Scott Thomson’s practice focuses on U.S. and international commercial litigation, eDiscovery, antitrust matters, securities litigation, white collar criminal defense, regulatory enforcement, foreign sovereign immunity litigation, and internal investigations. He has been recognized by Legal 500 in its securities litigation coverage and has been included the New York Super Lawyers list each year since 2017.
Prior to joining the firm, Scott practiced with Sullivan & Cromwell LLP and O’Melveny & Myers LLP. Scott is a graduate of Columbia Law School where he was a Harlan Fiske Stone Scholar and was on the Editorial Board of the Columbia Journal of Transnational Law. Before attending law school, he was a member of the U.S. Foreign Service and served in the Dominican Republic and the United Kingdom. He is proficient in Spanish.
Scott Thomson’s practice focuses on U.S. and international commercial litigation, eDiscovery, antitrust matters, securities litigation, white collar criminal defense, regulatory enforcement, foreign sovereign immunity…
Columbia Law School (J.D. 1997); College of Charleston (B.A., English, 1986)
New York State; U.S. District Courts for the Southern and Eastern Districts of New York
Activities and Affiliations
Member, American Bar Association (Section of Antitrust Law)
Member, Federalist Society
eDiscovery matters, including:
Supervision of multi-firm reviews in Milan and Montevideo of documents in Spanish, Portuguese, Italian, English and other languages for a conglomerate being investigated in multiple jurisdictions; and
Supervision of document review in a case involving representation of a CFO charged with accounting and securities fraud violations by the SEC.
Representation of two individuals in federal investigation of the market for guaranteed investment contracts (GIC) and similar municipal derivatives.
Representation of a hedge fund in a contract dispute arising out of a joint venture in the purchase of the distressed debt of a large manufacturer.
Representation of a hedge fund in a private insider trading case in the Southern District of New York, alleging violations of Rule 10b-5 and the tender offer rules.Read More
Bankruptcy Related Litigation
Represented major U.S. real estate investment trust in bankruptcy litigation of large chain retailer involving the right to assume or reject leases.
Represented investment bank in complex litigation involving estate of bankrupt former energy company’s attempt to recover amounts paid to redeem commercial paper from hundreds of counterparties.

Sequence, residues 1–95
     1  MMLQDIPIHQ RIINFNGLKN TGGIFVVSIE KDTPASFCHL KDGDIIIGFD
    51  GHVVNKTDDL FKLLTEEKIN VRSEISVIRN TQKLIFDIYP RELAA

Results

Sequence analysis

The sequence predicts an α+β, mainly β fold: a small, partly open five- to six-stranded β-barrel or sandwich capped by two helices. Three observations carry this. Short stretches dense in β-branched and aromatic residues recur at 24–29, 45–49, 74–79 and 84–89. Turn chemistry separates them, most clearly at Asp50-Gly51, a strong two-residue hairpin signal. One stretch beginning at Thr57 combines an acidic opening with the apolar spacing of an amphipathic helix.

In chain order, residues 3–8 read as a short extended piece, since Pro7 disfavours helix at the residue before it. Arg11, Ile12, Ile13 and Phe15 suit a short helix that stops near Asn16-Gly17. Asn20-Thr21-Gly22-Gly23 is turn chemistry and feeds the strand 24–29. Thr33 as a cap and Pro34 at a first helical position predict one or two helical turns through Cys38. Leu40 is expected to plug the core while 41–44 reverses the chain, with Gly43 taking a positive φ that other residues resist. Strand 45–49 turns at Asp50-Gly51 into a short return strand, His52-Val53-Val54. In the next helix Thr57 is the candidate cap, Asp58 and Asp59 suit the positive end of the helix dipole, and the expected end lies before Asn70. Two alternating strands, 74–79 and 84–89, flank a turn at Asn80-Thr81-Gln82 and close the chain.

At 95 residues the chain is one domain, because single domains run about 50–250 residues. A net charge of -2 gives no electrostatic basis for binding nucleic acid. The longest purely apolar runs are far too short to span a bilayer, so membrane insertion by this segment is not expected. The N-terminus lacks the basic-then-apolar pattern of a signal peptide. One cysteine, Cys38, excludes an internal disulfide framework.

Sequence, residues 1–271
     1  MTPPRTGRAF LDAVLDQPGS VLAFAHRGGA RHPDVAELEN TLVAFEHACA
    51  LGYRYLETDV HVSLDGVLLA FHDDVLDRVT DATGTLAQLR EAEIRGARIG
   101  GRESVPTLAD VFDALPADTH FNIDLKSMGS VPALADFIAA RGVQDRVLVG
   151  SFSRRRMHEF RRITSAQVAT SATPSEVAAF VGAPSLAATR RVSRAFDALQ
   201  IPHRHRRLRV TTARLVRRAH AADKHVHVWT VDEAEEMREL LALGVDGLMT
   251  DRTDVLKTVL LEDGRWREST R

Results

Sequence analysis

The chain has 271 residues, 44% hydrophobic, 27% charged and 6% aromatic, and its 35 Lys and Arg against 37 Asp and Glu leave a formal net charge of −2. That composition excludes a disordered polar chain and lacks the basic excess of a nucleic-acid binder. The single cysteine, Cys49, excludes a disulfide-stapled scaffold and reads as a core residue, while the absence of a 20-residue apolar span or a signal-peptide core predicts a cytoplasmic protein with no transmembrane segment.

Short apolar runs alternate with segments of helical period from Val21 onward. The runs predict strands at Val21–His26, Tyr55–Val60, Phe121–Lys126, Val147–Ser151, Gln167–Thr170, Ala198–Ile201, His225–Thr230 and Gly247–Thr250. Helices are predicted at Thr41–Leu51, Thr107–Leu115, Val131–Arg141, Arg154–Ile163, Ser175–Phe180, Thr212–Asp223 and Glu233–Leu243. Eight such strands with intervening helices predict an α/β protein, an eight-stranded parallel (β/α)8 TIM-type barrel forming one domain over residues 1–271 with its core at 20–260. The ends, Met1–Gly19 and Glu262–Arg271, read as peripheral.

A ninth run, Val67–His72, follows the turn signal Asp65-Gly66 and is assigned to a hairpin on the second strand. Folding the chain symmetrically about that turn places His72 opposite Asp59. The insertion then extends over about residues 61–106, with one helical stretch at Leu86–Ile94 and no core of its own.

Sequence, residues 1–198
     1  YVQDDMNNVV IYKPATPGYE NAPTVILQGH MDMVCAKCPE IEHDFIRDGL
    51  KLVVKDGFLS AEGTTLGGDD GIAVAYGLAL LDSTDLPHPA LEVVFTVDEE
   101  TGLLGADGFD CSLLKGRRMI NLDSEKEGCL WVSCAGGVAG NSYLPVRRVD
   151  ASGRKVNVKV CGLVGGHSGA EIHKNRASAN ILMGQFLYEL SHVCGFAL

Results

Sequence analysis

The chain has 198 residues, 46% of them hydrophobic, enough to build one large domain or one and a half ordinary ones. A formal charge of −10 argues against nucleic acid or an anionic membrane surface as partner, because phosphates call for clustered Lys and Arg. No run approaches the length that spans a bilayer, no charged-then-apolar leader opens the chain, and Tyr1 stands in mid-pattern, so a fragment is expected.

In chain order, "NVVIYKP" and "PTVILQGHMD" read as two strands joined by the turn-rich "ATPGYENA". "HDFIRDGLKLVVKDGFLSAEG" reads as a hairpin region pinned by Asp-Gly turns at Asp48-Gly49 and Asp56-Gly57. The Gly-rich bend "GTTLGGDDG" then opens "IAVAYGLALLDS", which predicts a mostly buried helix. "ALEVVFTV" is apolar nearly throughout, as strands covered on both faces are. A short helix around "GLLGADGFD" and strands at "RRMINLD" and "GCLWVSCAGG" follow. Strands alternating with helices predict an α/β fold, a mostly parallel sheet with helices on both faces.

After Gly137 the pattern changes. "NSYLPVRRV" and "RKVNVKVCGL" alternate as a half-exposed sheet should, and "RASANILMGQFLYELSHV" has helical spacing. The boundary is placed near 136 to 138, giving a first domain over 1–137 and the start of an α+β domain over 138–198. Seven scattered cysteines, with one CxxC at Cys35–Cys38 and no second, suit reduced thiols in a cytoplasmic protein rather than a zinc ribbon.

The SEC has recently signaled a renewed focus on the investigation and prosecution of accounting fraud with the creation of a Financial Reporting and Audit Task Force. The Task Force will use sophisticated computer algorithms to mine financial filings looking for potential irregularities. The SEC is expected to take a close look at companies particularly in the technology sector, and at revenue recognition. The article examines recent public statements and SEC enforcement actions that help provide clues to the SEC’s renewed focus in this area.
Regardless of which side ultimately benefits, the Supreme Court's message for antitrust litigants is clear: Class action is an exception to the usual rule.
Dell’s board of directors played a starring role in helping Michael Dell defeat the legal challenge of taking Dell Inc. private in a $25 billion dollar buyout. The committee’s role in protecting the transaction is a text book lesson on navigating complex transactions.
When a sovereign nation defaults, investors in its debt securities are often left without recourse. NML Capital, Ltd. v. Republic of Argentina is reimagining, and may even protect, the rights of U.S. corporations holding foreign sovereign debt.
A discussion on per se liability and how it relates to the allegations of price fixing recently made against Apple.
How the U.S. Sherman Act has been used to prosecute international cartels in cases of price-fixing abroad.
While press coverage treated the government approval of this merger as a fait accompli, this article will explore the potential for parties involved to face exacting antitrust scrutiny.
The FTC has proposed to formalize the process of withdrawing a merger notification and refiling it. This article discusses the requirements of SEC’s proposed new rule, § 803.12(c) governing this process.
Topics covered included recent trends in criminal enforcement as illustrated by the A U Optronics trial; the structure of antitrust enforcement in the United States, and recent civil trials of interest.
- Litigation & Arbitration